As a result, Poling said that upgrading the relationship would be an “obvious move,” arguing that most of Vietnam’s partners in and outside the region are dubbed “strategic partners” or higher, including many with whom it has far weaker ties than it does to the United States.

But even if Hanoi were to agree to the upgrade, experts such as Hanh Nguyen, a Vietnam expert at the Pacific Forum research institute, caution that the move would likely only be symbolic, as Hanoi already benefits greatly from its current relationship with Washington, including in the form of investments and educational ties.

For instance, bilateral trade has grown two-hundredfold since normalization, and annual U.S. investment in Vietnam has reached $2.8 billion.

“Vietnam enjoys a very high trade surplus with the U.S., totaling more than $116 billion last year, and receives U.S. assistance in a wide range of domains, including defense and security, while managing to keep the rapprochement at a pace it is comfortable with,” Nguyen said.

While experts disagree on Vietnam’s next step, they share the view that the timing behind Washington’s diplomatic push is no coincidence.

“The U.S. wants to expand relations with Vietnam partly because of its strategic location on the South China Sea, where Hanoi has long-standing territorial disputes with Beijing,” Stromseth said.

Apart from maritime security, he said, the two countries share a number of long-term objectives of a more general nature, such as promoting a rules-based order in the Indo-Pacific, encouraging transparent economic governance in the Mekong subregion and addressing climate change in Vietnam and elsewhere.

Moreover, Washington sees Hanoi as a key link in the global supply chain, meaning it could potentially play an important role in assisting the U.S. and its allies in reducing their reliance on Chinese suppliers.

“Shared regional goals, which are important to Washington, are building a solid foundation for the expansion of bilateral relations in the future,” Stromseth added.

Stuck in the middle

But does this mean that Hanoi will take sides?

Chinese leader Xi Jinping has accused Western countries led by the U.S. of having implemented a “comprehensive policy” of “containment, encirclement and suppression” against Beijing, which includes revitalizing alliances and expanding ties with China’s neighbors.

While there are different views on the matter, analysts agree that — like many other Southeast Asian countries — Vietnam will seek to prolong its hedging strategy between the two major powers.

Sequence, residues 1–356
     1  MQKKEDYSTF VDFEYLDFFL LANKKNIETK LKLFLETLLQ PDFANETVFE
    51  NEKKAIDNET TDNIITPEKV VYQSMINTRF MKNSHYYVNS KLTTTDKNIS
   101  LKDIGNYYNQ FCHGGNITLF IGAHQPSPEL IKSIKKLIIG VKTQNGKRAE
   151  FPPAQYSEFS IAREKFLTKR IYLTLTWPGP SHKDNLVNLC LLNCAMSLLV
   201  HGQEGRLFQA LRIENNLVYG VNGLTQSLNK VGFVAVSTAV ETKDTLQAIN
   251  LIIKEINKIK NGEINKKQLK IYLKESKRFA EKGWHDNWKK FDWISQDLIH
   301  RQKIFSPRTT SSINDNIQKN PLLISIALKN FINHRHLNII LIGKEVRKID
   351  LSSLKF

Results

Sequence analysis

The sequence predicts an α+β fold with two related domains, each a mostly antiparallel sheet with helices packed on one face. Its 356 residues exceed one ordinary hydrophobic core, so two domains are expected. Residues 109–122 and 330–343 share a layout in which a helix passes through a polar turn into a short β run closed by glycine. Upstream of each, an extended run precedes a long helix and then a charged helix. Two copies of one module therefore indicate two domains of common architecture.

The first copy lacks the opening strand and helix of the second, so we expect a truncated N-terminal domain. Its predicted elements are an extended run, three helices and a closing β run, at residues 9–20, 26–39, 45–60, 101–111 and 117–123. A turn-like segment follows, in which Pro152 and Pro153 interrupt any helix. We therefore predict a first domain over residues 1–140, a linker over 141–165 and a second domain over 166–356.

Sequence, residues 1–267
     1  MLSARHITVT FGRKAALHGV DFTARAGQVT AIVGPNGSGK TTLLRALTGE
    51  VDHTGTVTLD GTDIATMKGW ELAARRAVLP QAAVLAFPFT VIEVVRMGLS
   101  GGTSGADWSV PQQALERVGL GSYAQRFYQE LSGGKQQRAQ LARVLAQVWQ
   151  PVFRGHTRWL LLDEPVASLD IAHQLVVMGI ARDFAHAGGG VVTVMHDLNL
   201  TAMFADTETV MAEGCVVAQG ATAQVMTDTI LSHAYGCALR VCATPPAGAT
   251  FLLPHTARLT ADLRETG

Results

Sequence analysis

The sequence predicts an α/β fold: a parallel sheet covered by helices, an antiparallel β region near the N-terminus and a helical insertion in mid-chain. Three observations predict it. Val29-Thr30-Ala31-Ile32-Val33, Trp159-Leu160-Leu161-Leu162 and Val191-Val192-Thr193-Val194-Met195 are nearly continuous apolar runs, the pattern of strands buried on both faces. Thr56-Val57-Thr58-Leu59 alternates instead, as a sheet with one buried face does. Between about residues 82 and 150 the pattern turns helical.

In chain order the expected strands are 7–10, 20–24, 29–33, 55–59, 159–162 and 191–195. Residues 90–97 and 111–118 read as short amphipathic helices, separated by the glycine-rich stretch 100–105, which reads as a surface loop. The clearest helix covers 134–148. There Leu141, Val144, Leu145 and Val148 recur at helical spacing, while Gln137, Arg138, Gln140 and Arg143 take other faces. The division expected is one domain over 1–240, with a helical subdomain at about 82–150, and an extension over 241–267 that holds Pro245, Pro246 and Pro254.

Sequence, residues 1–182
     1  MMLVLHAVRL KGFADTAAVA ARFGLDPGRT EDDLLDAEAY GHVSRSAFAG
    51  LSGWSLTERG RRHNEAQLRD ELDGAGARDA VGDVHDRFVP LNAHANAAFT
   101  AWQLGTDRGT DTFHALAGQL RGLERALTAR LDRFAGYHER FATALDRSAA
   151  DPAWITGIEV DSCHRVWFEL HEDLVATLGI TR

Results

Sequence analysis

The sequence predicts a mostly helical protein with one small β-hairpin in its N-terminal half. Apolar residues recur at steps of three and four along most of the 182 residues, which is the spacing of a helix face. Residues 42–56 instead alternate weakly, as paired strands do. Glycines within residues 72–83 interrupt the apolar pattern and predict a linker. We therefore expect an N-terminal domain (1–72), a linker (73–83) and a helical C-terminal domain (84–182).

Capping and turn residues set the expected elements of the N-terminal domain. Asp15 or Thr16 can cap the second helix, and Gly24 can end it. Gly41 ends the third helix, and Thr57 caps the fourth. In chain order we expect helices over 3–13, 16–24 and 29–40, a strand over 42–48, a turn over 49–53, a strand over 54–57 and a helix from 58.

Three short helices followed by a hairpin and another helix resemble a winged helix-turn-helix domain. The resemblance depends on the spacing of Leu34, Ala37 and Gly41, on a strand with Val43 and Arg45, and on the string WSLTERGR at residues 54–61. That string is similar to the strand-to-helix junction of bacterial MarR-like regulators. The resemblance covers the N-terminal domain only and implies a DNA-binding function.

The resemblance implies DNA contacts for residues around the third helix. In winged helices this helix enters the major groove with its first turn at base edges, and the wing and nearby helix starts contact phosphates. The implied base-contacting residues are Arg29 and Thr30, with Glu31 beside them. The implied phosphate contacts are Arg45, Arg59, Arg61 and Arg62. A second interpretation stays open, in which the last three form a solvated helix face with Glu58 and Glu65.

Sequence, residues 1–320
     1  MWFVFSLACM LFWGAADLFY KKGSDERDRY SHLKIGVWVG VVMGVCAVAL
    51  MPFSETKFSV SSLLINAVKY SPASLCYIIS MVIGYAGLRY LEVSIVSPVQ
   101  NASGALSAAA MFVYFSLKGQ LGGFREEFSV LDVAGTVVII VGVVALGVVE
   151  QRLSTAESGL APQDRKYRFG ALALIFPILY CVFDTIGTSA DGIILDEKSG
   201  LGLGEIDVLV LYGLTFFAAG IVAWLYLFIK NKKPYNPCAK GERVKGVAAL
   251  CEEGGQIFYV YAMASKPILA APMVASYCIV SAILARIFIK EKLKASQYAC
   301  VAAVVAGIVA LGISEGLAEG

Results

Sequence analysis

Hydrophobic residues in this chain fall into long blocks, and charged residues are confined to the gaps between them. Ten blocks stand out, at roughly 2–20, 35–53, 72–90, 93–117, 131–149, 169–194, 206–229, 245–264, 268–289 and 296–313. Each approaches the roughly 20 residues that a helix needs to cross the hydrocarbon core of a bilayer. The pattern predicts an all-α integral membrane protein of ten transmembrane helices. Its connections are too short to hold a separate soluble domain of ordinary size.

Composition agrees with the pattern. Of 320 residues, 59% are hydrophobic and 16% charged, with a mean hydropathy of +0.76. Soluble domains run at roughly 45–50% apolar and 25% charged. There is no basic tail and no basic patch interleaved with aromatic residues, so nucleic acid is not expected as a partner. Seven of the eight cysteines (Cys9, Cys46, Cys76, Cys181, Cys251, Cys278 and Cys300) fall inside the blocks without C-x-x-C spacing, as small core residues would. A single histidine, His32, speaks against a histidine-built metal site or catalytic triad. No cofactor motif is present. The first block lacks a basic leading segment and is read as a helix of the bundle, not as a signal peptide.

“The Vietnamese are realists and know they don’t have the option of choosing sides,” Stromseth said.

Noting that Vietnam is a country of 100 million people on the doorstep of a military and economic superpower, he said the Vietnamese economy is also dependent on China, especially for imports.

In this context, Hanoi will seek to balance China without provoking it, pursuing multidirectional foreign relations with many countries, both economically and diplomatically, according to Stromseth.

“The U.S. is an important part of that equation,” he said.

However, should Sino-U.S. relations continue to worsen, Vietnam’s space for maneuvering between the two major powers will shrink further, making the hedging strategy more challenging to maintain, Nguyen warned.

At the same time, experts fear that democracy and human rights might not be high on Blinken’s agenda, despite Human Rights Watch criticizing Vietnam’s human rights record as “dire in virtually all areas,” saying that the government has imprisoned “almost all prominent bloggers, citizen journalists, and rights activists” for expressing views it did not agree with.

“Whereas democracy is a key theme of the Quad group of nations — the U.S., Japan, Australia and India — Vietnam, like most fellow ASEAN members, is a stable autocracy,” Dossani said, adding that Hanoi “should be thankful to China” that Washington wishes to closely engage with it, despite its track record on such issues.

By Gabriel Dominguez – The Japan Times – April 13, 2023